Q: Is PIGS live coded?
A: No. It took years (part-time, with lots of reworks) to develop the software. If a project this complex were live coded, the performativity would be severely impacted. It would then be less live for both performers and audience. It is on the other hand, “live data,” in that the data gestures are created live and re-used as structures with variations.
Q: But what about live streams? YouTube has live streams; why not use them?
A: There are technical limitations that make it difficult to use live streams in a graphics-intensive work like PIGS. It might be possible in the future to use a few live streams within a performance, but, for reasons stated above, this isn’t Amy’s priority.
Q: You snob/lazy person/traitor! What have you got against liveness?
A: Nothing; in fact liveness is the point of PIGS. But we believe in a critical approach to liveness that focuses on overall performance and relationships of performers to audience and performers to one another rather than technically centered definitions.
Q: Dynamically downloaded internet content based on search algorithms is an old idea; people (including you, Amy) have been doing it since the 1990’s. Why do it again?
A: Paintings of sitters go back millenia. But if we were to say, “Oh, just another painting of a person sitting in a chair” about each one, it would be reductive; we understand different portraits by different artists in different eras to be distinct from another. Put another way: it’s not what you do; it’s how you do it. The compositions created by the AlgoCurator and performed by Amy and Curt have distinct styles : from the AlgoCurator’s algorithm (subjectively authored by Amy) from the PIGS and Farm visual and aural software algorithms (subjectively authored by Amy and Curt) and from Amy and Curt’s performance styles. Technology-based art is often evaluated reductively based on what a particular technical process within it does, rather than on a nuanced evaluation of a work as a whole.** We think it’d be a good idea for people to do the latter.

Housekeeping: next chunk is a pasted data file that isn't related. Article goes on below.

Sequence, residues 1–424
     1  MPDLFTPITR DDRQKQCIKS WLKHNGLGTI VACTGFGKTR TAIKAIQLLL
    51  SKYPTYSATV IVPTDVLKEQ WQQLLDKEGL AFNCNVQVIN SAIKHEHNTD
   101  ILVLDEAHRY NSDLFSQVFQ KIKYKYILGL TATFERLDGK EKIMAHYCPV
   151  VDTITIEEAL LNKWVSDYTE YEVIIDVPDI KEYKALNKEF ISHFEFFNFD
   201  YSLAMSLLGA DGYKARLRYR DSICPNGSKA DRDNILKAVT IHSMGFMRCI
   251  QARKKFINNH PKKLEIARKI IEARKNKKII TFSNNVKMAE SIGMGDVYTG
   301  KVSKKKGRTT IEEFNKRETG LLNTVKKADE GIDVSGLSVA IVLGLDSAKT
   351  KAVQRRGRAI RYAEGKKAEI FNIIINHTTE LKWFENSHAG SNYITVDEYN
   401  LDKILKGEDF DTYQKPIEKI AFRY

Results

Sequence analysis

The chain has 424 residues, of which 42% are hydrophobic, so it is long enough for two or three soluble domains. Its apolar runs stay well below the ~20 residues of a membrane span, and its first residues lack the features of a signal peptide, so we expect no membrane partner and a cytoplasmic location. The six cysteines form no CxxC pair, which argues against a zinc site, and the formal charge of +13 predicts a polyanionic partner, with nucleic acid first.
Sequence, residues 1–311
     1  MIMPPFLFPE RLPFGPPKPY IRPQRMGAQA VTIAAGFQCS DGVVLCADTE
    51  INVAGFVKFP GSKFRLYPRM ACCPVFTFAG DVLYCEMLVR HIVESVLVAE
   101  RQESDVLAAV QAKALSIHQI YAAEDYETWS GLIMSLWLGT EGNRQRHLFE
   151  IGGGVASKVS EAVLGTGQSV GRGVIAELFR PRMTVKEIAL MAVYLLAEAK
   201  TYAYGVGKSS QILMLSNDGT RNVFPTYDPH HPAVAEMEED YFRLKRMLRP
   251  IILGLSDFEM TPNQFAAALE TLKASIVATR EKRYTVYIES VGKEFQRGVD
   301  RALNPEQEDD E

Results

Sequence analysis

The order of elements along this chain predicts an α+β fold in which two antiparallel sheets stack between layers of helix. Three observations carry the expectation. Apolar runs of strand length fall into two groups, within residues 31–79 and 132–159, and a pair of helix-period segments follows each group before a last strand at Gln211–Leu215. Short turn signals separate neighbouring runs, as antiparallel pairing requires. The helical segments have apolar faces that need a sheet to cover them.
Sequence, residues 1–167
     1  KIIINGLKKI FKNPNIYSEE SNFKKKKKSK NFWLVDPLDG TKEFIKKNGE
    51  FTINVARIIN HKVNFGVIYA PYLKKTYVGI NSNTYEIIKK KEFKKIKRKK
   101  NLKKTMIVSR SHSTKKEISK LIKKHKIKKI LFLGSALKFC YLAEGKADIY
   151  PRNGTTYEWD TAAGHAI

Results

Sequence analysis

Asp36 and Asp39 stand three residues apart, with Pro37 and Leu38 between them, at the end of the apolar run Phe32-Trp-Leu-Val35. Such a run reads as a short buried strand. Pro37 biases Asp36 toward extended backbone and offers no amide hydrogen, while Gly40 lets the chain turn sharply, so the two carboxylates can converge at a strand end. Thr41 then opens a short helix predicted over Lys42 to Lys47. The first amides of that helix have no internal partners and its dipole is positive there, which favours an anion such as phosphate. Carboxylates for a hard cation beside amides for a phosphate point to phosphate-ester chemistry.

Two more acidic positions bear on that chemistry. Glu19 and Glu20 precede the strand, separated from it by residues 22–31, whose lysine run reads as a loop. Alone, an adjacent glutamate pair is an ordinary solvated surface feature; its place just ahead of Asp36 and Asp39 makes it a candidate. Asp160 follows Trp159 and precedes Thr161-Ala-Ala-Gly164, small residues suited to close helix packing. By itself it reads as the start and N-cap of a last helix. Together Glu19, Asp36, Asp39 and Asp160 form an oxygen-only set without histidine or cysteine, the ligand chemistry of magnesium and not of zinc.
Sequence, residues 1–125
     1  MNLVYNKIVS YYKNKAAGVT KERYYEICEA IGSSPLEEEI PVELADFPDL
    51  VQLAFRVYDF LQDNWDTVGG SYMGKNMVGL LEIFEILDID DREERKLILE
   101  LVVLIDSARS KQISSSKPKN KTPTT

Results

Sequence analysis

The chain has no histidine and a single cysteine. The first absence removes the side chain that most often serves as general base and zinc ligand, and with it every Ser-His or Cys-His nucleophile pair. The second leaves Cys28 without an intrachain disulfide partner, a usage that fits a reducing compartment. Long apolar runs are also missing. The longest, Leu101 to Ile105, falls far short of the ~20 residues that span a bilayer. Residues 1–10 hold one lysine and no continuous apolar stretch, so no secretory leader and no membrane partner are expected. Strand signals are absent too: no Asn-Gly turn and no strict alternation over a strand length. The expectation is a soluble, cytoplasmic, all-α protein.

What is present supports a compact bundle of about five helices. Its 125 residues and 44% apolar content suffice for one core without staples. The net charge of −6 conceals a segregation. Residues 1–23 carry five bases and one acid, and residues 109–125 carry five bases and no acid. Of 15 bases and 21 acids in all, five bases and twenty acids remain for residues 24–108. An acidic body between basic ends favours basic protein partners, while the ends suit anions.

Q: What is the future for the AlgoCurator?
A: “Utopian Algorithm #1” is the first implementation of the AlgoCurator. It can be easily modified to create more specific implementations based on, e.g., geographical location, current events, topics, etc., as well as creating a continually running stream of the “global YouTube narrative” that more closely resembles VanDerBeek’s 1960s idea. Amy is also interested in pushing the “AI” algorithms further to develop a more pleasingly / arrogantly opinionated curator.
* Some intros to algorithmic bias:
David Casacuberta. “Algorithmic Injustice | CCCB LAB.” CCCB LAB. N. p., 2017.
Buolamwini, Joy. “AJL -ALGORITHMIC JUSTICE LEAGUE.” AJL -ALGORITHMIC JUSTICE LEAGUE. N. p., 2017.
Kirkpatrick, Keith. “Battling Algorithmic Bias.” Communications of the ACM 59.10 (2016): 16-17.
Danks, David & London, Alex. Algorithmic Bias in Autonomous Systems. 4691-4697. 10.24963/ijcai.2017/654. 2017.
Garcia, Megan. “Racist In The Machine.” World Policy Journal 33.4 (2016): 111-117.
Alexander, Amy. “About… Software, Surveillance, Scariness, Subjectivity (and SVEN).”
Transdisciplinary Digital Art. Sound, Vision and the New Screen. Springer, Berlin, Heidelberg, 2008. 467-475.
Levin, Sam. “A Beauty Contest Was Judged By AI And The Robots Didn’t Like Dark Skin.” the Guardian. N. p., 2016.
(That last one obviously raises a whole slew of questions about the ethics of beauty contests in general… but the article includes some useful discussion and links.)
**There are a lot of reasons for this, from a hyperfocus on algorithmic processes to a phobia of them. Given the role of algorithms and their subjectivity in the present global political conditions, we think a nuanced approach to algorithms is probably a good idea.